It wasn’t just the psychological preparation – it was the actual mechanics of the shows. We’d drive to the venue, arrive hours early, carry in our equipment, do a soundcheck if we were lucky, wait around for awhile, play, and then wait for hours longer until we could load out. If we were really lucky, we’d get gas money. Then we’d break it all down, load it in the car and drive home. It was a lot of work for very little satisfaction.
6) The recording process bores me.
About six months into the Poconos’ career, we decided to record a single. It took several weekends stretching out over a six-month period. Recording always made me self-conscious, but mixing was sheer torture – listening to the same track, over and over, tweaking levels here and there. It was just interminable. Recording by myself didn’t remedy the problem, either – it just meant I was at the mercy of my own technical skills, which were negligable. If you’re already self-conscious and awkward about your ability to sing and play, nothing will make you feel worse about yourself than the recording process.
7) I had more fun designing the flyers than actually creating the tracks.
For the first Automat show – and, to this day, the only show I’ve ever promoted – I made flyers, put them up all over Seattle, and even made a little minizine to give out to attendees. It was much more fulfilling than the show itself. Similarly, I enjoyed assembling the two Automat CDs, coming up with ideas like ink stamps or fancy paper. Having published zines since age 19, it was familiar and comforting to me. It quickly occurred to me that I liked everything about having a band except…having a band.
8) I was very easily able to drop the whole thing when life intervened.
In mid-2004, I recorded the last Automat track and released the second of two CD-Rs. Then I started law school, and had two children in quick succession. I didn’t stop writing, reviewing or blogging, but I never wrote or recorded another song. I’m a firm believer that to be good at something, it has to be in you. You have to be willing and able to do it even if you’ve got other things going on. The fact that I’ve never missed recording really tells me something.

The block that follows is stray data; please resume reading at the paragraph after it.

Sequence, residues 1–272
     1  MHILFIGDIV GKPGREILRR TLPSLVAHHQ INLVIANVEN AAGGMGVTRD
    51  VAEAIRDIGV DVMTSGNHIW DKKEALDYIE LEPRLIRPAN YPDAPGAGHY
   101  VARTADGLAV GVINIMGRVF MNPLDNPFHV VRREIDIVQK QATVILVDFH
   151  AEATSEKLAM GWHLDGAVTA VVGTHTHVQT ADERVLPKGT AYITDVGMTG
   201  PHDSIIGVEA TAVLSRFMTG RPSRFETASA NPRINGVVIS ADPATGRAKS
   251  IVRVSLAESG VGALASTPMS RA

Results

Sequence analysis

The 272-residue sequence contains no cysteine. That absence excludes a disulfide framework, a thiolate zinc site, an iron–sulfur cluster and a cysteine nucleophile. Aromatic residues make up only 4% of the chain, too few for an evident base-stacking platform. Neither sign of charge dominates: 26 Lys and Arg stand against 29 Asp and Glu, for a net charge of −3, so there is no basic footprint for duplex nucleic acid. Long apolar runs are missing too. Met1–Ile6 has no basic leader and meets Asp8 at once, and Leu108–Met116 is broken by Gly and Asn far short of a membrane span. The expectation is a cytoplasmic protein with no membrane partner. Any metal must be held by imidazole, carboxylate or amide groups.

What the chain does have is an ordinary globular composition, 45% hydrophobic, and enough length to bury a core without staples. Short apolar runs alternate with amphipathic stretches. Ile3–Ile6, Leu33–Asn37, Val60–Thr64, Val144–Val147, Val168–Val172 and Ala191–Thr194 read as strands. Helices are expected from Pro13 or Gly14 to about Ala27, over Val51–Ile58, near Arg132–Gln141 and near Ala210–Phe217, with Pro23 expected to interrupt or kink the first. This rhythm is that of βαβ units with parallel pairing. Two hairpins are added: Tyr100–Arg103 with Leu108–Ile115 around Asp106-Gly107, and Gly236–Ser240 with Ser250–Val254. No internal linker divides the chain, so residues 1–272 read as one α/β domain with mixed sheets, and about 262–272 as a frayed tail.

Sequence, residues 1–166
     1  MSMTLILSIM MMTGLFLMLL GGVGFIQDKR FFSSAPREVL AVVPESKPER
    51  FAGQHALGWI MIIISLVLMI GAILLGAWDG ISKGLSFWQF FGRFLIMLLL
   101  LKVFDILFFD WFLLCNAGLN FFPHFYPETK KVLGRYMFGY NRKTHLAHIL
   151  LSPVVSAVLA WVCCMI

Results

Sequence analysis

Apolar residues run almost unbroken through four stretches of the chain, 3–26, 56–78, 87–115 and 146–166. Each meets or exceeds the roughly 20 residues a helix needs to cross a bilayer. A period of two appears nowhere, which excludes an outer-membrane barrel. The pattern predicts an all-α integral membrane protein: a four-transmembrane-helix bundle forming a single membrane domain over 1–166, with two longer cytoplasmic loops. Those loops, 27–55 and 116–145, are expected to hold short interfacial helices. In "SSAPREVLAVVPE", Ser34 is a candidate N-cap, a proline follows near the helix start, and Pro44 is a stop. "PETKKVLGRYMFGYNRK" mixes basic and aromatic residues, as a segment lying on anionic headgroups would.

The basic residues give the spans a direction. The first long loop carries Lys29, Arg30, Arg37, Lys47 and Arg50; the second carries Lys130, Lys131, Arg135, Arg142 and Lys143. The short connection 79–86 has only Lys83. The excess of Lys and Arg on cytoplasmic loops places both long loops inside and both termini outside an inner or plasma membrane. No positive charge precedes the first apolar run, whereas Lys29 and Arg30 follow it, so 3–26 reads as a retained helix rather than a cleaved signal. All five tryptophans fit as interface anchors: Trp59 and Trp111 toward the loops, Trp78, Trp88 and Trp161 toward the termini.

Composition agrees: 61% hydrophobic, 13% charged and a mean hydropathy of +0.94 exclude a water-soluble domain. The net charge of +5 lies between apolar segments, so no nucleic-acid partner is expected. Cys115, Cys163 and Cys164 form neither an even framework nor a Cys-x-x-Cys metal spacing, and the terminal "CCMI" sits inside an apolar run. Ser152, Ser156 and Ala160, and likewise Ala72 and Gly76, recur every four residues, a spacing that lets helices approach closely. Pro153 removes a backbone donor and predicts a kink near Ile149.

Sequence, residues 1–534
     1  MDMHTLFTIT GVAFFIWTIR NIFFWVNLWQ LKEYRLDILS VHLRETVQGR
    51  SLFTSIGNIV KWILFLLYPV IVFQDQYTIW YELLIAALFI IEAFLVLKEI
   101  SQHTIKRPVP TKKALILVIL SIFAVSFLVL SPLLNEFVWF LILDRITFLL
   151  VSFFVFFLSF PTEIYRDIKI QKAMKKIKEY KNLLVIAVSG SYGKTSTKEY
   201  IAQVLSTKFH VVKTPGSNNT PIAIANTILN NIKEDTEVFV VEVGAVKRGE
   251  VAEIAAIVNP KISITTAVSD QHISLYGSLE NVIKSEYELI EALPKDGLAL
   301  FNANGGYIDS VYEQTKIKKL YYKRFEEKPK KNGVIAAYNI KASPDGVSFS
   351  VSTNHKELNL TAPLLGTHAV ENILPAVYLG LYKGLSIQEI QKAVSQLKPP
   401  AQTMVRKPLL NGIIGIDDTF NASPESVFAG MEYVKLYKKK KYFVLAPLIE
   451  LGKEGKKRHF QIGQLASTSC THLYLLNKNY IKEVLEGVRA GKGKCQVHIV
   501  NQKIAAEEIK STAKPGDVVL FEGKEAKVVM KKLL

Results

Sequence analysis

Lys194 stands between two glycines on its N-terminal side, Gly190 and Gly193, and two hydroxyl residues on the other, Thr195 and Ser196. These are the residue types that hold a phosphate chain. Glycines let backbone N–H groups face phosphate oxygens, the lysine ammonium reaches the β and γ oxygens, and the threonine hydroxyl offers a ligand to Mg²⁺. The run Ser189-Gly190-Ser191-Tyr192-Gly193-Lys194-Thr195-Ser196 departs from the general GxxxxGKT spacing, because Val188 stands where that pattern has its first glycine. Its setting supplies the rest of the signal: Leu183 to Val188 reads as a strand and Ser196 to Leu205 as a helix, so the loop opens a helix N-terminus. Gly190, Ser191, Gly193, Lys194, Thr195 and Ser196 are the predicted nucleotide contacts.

9) I learned many lessons. Chief among them: don’t add to the pool of mediocre to poor music in the world.
Here in St. Louis, I’ve spent the past year exploring the local music scene in greater detail. One night I told a bassist acquaintance of mine that I was happier writing for the RFT than “adding to the bad music in the world.” A flippant comment, perhaps, but one that I wholeheartedly believe. There’s so much mediocre music out there – music that’s the product of vanity, or some other ulterior motive, rather than the joy of good tunes. I wasn’t doing it for vanity, but after seven years, it was just clear that I wasn’t getting any better. So now I’m back to doing what I always did, which leads me to…
10) Having done it makes me a better reviewer and journalist.
By having had the experience of being both a performing indie-rocker and a four-tracker, I was able to get a first-hand look at what’s involved. I’m not only more in awe of those who can do music well; I’m less tolerant of those who do it poorly. Either way, I feel like I approach the subject with more empathy and experience.
NOTE: my wife suspects me of writing this piece so people will say, “That’s not true, Mike. You were a GREAT songwriter!” Would it surprise you that a blogger and former zine editor had such a pathological need for attention? Well, maybe. But the fact is, I’m happier reminiscing about the whole experience than reliving it. Which is why I am unable to resist telling you that you can download the Automat CDs for free, hear the Poconos’ 7″ single on Bandcamp, or read our 1997 tour diary here.